Your question requires us to analyze the statutes pertaining to Washington’s BO tax and the authorized deductions from this tax. RCW 82.04.220 imposes a BO tax upon all persons for the act or privilege of engaging in business within the state. Mortgage brokers are generally taxed under RCW 82.04.290(2) and (3), which apply to all persons engaged in any business activity not enumerated in certain other specified statutes, including “persons engaged in the business of rendering any service which does not constitute a `sale at retail’ or a `sale at wholesale.’ ” The BO tax in such cases is applied to the “gross income of the business.” RCW 82.04.080, in pertinent part, defines this as
the value proceeding or accruing by reason of the transaction of the business engaged in and includes gross proceeds of sales, compensation for the rendition of services, gains realized from trading in stocks, bonds or other evidences of indebtedness, interest, discount, rents, royalties, fees, commissions, dividends, and other emoluments however designated[.]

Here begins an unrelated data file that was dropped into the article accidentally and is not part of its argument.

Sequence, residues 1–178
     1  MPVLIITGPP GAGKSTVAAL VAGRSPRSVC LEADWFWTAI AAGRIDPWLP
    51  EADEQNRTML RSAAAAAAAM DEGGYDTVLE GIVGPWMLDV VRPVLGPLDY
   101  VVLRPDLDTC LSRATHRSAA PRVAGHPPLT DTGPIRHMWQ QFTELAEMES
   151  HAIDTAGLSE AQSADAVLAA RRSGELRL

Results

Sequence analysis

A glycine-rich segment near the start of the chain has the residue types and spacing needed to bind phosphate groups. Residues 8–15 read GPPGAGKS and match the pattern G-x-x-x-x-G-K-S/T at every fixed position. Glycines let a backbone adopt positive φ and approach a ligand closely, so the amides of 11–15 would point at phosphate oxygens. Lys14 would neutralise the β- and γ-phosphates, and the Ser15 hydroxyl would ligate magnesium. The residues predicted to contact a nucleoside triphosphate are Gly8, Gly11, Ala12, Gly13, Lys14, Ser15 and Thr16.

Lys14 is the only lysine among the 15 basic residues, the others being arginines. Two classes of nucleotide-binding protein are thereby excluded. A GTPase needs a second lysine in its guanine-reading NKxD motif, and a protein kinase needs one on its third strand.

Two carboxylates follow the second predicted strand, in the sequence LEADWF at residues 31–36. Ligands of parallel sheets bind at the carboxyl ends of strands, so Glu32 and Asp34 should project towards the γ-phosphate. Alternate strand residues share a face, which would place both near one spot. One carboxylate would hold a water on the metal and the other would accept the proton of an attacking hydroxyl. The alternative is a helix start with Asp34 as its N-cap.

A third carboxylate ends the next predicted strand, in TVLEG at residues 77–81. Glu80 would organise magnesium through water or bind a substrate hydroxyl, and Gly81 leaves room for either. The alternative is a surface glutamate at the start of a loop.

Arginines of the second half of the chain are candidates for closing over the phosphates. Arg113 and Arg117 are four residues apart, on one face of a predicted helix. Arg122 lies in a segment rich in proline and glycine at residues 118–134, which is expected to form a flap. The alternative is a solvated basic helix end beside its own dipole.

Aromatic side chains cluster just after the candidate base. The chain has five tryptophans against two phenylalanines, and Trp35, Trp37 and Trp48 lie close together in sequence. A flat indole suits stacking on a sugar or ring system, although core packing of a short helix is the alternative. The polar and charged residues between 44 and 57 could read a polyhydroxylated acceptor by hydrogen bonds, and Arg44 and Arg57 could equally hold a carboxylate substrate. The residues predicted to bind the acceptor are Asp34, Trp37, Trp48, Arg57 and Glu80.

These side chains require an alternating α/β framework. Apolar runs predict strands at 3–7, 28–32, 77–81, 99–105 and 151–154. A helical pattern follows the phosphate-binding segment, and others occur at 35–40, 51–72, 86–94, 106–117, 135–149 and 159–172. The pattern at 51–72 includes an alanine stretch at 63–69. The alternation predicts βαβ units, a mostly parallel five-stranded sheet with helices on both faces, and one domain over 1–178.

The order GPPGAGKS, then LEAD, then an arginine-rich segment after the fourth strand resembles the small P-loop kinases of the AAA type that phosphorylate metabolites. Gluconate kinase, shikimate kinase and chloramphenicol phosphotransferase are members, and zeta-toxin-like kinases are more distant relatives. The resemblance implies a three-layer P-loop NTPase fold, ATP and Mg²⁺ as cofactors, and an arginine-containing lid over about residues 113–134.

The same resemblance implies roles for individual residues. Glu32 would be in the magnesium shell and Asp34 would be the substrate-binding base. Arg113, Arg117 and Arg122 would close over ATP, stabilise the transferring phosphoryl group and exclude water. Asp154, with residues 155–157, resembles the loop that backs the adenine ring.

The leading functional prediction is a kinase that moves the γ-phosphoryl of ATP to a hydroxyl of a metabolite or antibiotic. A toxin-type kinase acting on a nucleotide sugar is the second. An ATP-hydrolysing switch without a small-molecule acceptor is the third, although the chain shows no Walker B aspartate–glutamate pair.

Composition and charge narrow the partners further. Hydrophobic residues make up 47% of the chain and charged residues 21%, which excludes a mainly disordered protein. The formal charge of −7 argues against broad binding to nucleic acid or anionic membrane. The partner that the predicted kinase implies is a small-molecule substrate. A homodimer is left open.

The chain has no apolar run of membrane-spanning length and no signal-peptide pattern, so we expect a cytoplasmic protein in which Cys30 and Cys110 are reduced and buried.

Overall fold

The statutes also allow taxpayers to take various deductions from the BO tax. In construing such deductions, however, we note that exemptions to taxation must be narrowly construed, and anyone claiming a benefit or deduction from a taxable category has the burden of showing that he or she is entitled to it. “[T]he statute imposing the tax is very broad and the exemptions correspondingly narrow”. Budget Rent-A-Car of Washington-Oregon, Inc., v. Dep’t of Rev., 81 Wn.2d 171, 175, 500 P.2d 764 (1972). This especially is true of the BO tax. Dep’t of Rev. v. Schaake Packing Co., 100 Wn.2d 79, 83, 666 P.2d 367 (1983) (“We reiterate our strong policy of narrowly construing exemptions to the business and occupation tax.”) Accord Stroh Brewery Co. v. Dep’t of Rev., 104 Wn. App. 235, 238, 15 P.3d 692 (2001).
Of primary concern here is RCW 82.04.4292, which provides:
In computing tax there may be deducted from the measure of tax by those engaged in banking, loan, security or other financial businesses, amounts derived from interest received on investments or loans primarily secured by first mortgages or trust deeds on nontransient residential properties.
(Emphasis added.) This statute makes clear that the statutorily-allowed BO tax deduction for interest is limited to “amounts derived from interest received on [specified secured] investments or loans” and not merely amounts that are received by a mortgage broker as a result of, or relating to, a real estate transaction.